US 3108779 A
Description (OCR text may contain errors)
Oct. 29, 1963 c. E. ANDERSON 3,108,779
VALVE HAVING A VALVE SEAT OF VERY THIN MATERIAL Filed Nov. 12, 1959 6 Sheets-Sheet 1 INVENTOR.
CLIFFORD E. ANDERSON Zd/Z M4 4! ATTORNEY Oct. 29, 1963 c. E. ANDERSON 3,108,779
VALVE HAVING A VALVE SEAT OF VERY THIN MATERIAL Filed Nov. 12, 1959 e Sheets-Sheet 2 INVENTOR. Cur-5on0 E. ANDERSON Zz/l ATTORNEY VALVE HAViNG A VALVE SEAT OF VERY THIN MATERIAL Filed Nov. 12, 1959 Oct. 29, 1963 c. E. ANDERSON 6 Sheets-Sheet 3 F (G 6 INVENTOR.
CLIFFORD E. ANDERSON ATTORNEY Oct. 29, 1963 c. E. ANDERSON 3,108,779
VALVE HAVING A vALvE SEAT OF VERY THIN MATERIAL Filed Nov. 12, 1959 6 Sheets-Sheet.4
Xd/Z W VALVE HAVING A VALVE SEAT OF VERY THIN MATERIAL Filed Nov. 12, 1959 Oct. 29, 1963 c. E. ANDERSON 6 Sheets-Sheet 5 R. x m E 0 R m C BY/QC//ZW ,4 TTOR/VE g Oct. 29, 1963 c. E. ANDERSON 3,108,779
VALVE HAVING A VALVE SEAT OF VERY THIN MATERIAL Filed NOV. 12, 1959 6 Sheets-Sheet 6 FIG. I6
I t 4 FIG. 18
INVENTOR. CIJ/FFORB Ammsarau ATTORNEY United States Patent 3,108,77 VALVE HAVENG A VALVE SEAT 9F VERY 31ml MATEREAL Cliiford E. Anderson, Houston, Tex., assignor to AU? industries Incorporated, New York, N.Y., a corporation of New .lersey Filed Nov. 12, 195%, Ser- No. 852,577 1 Claim. ill. 2S1309) This invention relates generally to valves and more particularly to a sealing means assembly therefor, This application is a continuation in part of. my co-pending application, S.N. 633,164, filed January 8, 1957, now abandoned.
Valves, regardless of types, have among others, two important requisites: (l) establishment of a good seal and (2) ease of operation.
To obtain a good seal and thereby prevent leakage, several methods have been used. One method has been to have a metal-to-metal seal which is obtained by providing a precision finish on both the valve member and the seat. To provide the necessary finish, high quality machining and rigid tolerances are required. In high pressure valves having a metal-to-metal seal, a very rigid valve structure is required inasmuch as any extension of the body under the application of line pressure would destroy the seal. Naturally, in order to attain these requirements, the cost of manufacturing increases. Another method to obtain a good seal has been to use a sealant between the valve member and the seat to provide sealing. The sealant is forced between the valve member and the seat and into any surface irregularities to provide sealing characteristics approaching that of a metal-to-metal seal. Even though the initial manufacturing cost may be less, such valves require the continued maintenance of the sealant film in order to maintain tightness. Another method has been to utilize a resilient member as a seal, the resilient member being able to yield somewhat in order to bring the sealing characteristics up to a condition approaching the sealing properties of super finished metal-to-metal seating surfaces. However, as a rule, resilient materials do not have good load carrying characteristics, and therefore, valves with resilient seals have been limited to use in the low pressure range. Moreover, as a rule, resilient materials are not resistant to corrosive action and also are essentially usable only in atmospheric ambient temperature service.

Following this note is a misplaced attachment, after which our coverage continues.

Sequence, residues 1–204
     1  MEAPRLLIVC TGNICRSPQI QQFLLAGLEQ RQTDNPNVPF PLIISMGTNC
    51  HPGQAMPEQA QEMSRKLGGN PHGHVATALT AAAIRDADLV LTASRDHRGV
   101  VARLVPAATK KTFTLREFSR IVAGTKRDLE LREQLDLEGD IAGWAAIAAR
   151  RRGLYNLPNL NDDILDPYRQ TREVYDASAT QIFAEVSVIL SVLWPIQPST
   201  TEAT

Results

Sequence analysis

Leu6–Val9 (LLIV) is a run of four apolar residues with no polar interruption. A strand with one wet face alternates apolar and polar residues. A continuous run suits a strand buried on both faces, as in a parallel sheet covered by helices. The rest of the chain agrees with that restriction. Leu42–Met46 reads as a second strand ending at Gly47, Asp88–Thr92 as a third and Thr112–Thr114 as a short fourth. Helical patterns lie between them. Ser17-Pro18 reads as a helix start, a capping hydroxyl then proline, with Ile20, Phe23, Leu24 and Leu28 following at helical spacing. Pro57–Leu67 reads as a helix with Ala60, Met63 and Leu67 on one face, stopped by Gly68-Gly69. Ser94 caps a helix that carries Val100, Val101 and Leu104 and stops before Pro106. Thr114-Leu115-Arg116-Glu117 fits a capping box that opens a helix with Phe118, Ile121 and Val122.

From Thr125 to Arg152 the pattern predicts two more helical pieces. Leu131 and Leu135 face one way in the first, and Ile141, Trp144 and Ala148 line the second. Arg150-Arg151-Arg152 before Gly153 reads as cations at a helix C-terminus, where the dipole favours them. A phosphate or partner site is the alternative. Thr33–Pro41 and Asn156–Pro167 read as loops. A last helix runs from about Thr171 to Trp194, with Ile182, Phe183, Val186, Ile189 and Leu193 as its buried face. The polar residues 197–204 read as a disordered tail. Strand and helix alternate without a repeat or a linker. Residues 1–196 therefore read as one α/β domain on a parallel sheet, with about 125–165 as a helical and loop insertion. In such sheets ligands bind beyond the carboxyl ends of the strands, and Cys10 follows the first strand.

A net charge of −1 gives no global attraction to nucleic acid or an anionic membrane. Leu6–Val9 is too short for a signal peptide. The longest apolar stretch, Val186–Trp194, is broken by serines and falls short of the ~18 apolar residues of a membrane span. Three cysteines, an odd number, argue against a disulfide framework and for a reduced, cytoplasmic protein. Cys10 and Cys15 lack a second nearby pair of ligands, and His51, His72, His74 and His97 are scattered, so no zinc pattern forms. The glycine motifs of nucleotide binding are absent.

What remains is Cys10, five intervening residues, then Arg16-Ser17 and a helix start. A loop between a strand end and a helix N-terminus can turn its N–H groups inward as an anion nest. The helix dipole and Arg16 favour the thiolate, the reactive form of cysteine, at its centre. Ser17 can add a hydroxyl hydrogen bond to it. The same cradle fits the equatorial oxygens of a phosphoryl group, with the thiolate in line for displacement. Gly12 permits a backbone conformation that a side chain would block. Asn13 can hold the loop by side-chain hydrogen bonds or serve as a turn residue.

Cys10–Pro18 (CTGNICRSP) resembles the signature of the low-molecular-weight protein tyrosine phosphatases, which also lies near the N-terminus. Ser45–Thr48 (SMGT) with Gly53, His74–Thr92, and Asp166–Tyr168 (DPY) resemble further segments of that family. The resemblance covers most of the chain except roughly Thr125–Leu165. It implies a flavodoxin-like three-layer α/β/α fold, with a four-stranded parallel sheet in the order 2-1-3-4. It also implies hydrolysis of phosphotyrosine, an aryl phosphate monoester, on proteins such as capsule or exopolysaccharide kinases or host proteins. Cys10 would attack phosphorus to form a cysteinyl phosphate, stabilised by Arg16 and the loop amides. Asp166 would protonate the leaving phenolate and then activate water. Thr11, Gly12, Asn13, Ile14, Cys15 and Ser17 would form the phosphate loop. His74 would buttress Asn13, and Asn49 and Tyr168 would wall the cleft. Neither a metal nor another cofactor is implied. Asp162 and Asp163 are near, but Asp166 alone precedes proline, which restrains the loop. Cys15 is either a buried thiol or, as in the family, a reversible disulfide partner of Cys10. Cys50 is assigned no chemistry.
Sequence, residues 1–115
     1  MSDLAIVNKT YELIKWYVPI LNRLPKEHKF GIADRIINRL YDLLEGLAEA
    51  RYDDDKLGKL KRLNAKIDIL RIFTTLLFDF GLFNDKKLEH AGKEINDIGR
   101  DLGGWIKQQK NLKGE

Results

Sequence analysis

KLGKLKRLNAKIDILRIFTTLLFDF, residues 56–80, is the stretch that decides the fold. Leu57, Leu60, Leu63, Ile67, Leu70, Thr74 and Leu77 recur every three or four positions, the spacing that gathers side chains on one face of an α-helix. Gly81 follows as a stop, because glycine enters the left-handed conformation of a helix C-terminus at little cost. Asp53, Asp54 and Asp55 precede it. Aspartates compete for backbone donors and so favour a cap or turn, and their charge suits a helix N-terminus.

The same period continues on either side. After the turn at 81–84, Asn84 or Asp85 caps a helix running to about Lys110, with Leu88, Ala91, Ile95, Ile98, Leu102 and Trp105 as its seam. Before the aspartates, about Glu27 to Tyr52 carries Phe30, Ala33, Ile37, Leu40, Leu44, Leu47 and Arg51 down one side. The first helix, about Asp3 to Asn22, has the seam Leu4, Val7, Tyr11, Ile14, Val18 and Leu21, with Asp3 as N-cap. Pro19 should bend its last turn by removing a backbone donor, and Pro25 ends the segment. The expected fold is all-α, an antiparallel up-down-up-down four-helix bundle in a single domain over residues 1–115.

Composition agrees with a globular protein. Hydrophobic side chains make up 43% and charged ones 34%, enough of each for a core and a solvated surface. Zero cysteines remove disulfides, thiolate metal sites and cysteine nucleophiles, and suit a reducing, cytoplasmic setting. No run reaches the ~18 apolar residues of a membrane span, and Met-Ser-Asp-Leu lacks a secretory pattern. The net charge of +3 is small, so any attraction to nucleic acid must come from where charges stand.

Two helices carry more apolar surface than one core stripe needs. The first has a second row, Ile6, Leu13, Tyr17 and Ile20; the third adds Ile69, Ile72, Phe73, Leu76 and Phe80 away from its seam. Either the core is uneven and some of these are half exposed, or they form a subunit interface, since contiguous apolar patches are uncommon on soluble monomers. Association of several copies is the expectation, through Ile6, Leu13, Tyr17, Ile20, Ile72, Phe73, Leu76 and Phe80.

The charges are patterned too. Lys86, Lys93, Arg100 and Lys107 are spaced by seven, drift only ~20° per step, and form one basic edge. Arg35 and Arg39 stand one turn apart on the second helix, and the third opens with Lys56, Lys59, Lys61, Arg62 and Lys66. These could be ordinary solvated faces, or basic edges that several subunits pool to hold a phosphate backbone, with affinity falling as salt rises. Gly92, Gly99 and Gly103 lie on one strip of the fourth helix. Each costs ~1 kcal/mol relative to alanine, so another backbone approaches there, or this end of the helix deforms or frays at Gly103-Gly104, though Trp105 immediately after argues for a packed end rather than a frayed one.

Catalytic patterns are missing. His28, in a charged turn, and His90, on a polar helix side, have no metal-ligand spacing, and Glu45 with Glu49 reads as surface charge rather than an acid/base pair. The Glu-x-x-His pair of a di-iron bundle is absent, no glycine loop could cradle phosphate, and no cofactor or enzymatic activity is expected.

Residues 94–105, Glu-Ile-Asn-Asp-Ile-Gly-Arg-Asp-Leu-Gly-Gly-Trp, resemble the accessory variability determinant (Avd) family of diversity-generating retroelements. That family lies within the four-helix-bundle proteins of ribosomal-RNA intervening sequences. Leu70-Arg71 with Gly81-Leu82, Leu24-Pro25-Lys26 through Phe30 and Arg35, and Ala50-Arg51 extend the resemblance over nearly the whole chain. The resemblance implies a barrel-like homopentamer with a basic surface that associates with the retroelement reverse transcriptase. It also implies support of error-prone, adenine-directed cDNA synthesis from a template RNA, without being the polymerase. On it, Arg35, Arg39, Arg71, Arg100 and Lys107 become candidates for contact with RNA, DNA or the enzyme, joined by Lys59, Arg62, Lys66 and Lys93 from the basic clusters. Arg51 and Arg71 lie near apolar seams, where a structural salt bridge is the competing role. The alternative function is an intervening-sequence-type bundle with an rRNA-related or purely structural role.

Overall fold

As the pressure of the lading in the valve is increased, ease of operation is more diflicult to control. In plug type valves particularly, the torque required to operate the valve becomes exceedingly high. In order to reduce the friction between the vmve member and the seat, manufacture rs have been constantly searching for materials having low coefflcients of friction. Many valves, both plug and gate type, require the use of a lubricant in order to increase the ease of operation as well as assist in seal- The development of fluorocarbon resins resulted in the availability of materials having low coefficients of friction, and materials, which, unlike most resilient materials, resist most corrosive ladings and can be operated at fairly elevated temperatures. One of the commercially available fluorocarbon resins is polytetrafluoroethylene which has a low coeflicient of friction, .04 against steel; is inert to all known chemicals except molten alkali metals, fluorine at elevated temperatures and certain complex halogen compounds; and can be used for continuous service at temperatures as high as 500 F. Polytetr'afluoroethylene is commercially sold in the United States by E. I. du Pout de Nemours & Company under its registered trademark Teflon. However, polytetrafluoroethylene, like the other fluorocarbon resins, has one undesirable characteristic Patented Get. 29, 1963 for use in high pressure valves in that, as described in United States Patent No. 2,735,645, polytetrafluoroethylene will cold flow noticeably starting at a pressure of approximately 600 p.s.i. will have a sustained deformation of from 4 to 8% at a pressure of 1200 p.s.i. and such percentages will increase up to substantially continuous flow at pressures at about 1500 p.s.i. The above described deformation is considerably aggravated at elevated temperatures. Therefore, although polytetrafluoroethylene has the desirable characteristics of low 7coeflicient of friction and resistance to corrosive action of most ladings, it was not considered suitable for utilization as a valve seat in valves where the loading on the seat is in excess of 1200 p.s.i. Moreover, in common with other fluorocarbon materials, polytetrafluoroethylene has a relatively high coefficient of thermal expansion which can cause binding and tightening of moving parts when used in conjunction with metal components at elevated temperatures; and a subsequent loss of cont act resulting in leakage when the temperature is substantially lowered. Another fluorocarbon resin having many desirable characteristics for valve seats, but having the same undesirable characteristics of inability to withstand high load is polytrifluorochloroethylene which is commercially available in the United States from M. W. Kellogg Comp-any under its registered trademark Kel-F.